In a statement announcing the immediate closure of the spring hunting season, the government pointed out that immediately after the referendum, the prime minister had warned that he would not tolerate abuse.

During the season, the number of abuses fell drastically thanks to strong law enforcement and the collaboration of those involved.

Nonetheless, today’s incident could not be justified. No information about who had carried it out had been received.

Therefore the season was being closed immediately. This, the government said, should be a signal that such abuses would not be tolerated.

Bring back the lynx, British people say


This video says about itself:

24 March 2014

With large tufted ears, a short tail and a trusting look, one could almost believe that lynxes are just big cats. In their hearts, however, they are wild and untamed. They are the tigers of Europe. This is the story of a hard earned friendship.

On the one side is Milos Majda, a quiet, nature loving ranger at the Mala Fatra national park in Slovakia. On the other side are two small lynxes, fresh from the zoo. With Milos’ help, it’s hoped the lynxes will return to the home of their ancestors in the forests of Mala Fatra in the heart of Slovakia. For two years Milos Majda and the biologist and animal filmmaker Tomas Hulik follow the journey of the lynx siblings from their warm nursery inside a cabin into the wilderness.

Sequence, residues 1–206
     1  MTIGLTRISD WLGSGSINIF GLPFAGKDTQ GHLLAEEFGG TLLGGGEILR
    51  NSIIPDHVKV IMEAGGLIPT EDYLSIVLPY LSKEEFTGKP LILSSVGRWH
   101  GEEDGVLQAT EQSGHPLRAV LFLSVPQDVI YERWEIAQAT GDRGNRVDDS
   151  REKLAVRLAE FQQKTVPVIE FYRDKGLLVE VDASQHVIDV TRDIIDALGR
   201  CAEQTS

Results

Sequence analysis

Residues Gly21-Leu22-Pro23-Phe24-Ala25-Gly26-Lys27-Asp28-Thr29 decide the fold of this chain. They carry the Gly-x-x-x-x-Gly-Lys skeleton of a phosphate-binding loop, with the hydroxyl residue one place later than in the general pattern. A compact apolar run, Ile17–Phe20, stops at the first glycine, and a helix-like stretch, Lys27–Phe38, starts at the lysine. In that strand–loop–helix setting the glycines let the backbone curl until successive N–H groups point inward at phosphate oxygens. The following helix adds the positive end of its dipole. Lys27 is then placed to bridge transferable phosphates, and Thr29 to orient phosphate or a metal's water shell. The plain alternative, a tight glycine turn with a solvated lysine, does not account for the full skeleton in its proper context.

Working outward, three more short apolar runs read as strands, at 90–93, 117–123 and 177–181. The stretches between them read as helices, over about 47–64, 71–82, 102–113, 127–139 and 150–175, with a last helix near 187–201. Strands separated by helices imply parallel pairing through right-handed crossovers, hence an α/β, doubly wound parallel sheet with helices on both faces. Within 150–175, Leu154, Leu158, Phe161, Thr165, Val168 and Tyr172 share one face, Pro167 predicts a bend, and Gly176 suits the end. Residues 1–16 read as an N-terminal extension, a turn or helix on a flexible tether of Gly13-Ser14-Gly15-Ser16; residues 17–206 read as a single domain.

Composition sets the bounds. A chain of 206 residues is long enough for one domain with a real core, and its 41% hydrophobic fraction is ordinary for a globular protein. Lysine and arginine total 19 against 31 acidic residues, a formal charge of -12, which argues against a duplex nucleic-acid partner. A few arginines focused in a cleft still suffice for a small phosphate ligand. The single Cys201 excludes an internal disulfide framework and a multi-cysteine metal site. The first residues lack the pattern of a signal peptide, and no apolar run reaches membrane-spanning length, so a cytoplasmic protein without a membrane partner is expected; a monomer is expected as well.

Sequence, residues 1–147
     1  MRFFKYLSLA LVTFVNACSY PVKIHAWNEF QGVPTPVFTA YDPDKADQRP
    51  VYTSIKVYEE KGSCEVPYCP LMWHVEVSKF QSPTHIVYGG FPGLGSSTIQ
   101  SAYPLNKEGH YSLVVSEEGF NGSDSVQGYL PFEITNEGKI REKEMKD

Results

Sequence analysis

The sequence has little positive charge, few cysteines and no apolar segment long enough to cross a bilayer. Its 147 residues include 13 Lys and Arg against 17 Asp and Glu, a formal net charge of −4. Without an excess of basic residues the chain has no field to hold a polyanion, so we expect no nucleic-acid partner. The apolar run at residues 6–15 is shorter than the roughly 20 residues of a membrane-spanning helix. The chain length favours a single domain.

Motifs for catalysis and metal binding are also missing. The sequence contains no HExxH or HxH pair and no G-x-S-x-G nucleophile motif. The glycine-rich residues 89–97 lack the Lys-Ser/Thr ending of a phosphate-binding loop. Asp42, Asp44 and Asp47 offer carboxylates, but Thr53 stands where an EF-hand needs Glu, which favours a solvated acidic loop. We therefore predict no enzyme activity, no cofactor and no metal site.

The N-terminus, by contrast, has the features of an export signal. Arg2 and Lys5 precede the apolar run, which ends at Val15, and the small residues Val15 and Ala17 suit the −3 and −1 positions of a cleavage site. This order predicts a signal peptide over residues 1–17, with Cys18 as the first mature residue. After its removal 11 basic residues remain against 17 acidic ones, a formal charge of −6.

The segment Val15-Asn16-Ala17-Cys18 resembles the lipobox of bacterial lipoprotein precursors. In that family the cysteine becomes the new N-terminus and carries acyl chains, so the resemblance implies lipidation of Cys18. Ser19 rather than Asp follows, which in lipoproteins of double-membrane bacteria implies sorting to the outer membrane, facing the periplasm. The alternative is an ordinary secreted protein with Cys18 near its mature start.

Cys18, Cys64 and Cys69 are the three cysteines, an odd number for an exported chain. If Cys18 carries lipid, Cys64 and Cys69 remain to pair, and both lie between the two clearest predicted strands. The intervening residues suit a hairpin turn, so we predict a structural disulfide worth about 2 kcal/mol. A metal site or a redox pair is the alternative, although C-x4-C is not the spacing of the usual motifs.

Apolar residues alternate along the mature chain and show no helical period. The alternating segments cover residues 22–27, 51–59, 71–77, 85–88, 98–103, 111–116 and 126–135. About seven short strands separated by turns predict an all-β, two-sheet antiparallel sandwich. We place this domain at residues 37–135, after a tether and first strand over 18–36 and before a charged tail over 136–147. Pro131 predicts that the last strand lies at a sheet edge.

From Wildlife Extra:

British public vote in favour of lynx reintroduction

The majority of the British public would like to see the lynx back in the British countryside, a survey carried out by the Lynx UK Trust shows.

More than 9,000 people took part in the survey, with 91% supporting a trial reintroduction and 84% believing it should begin within the next 12 months.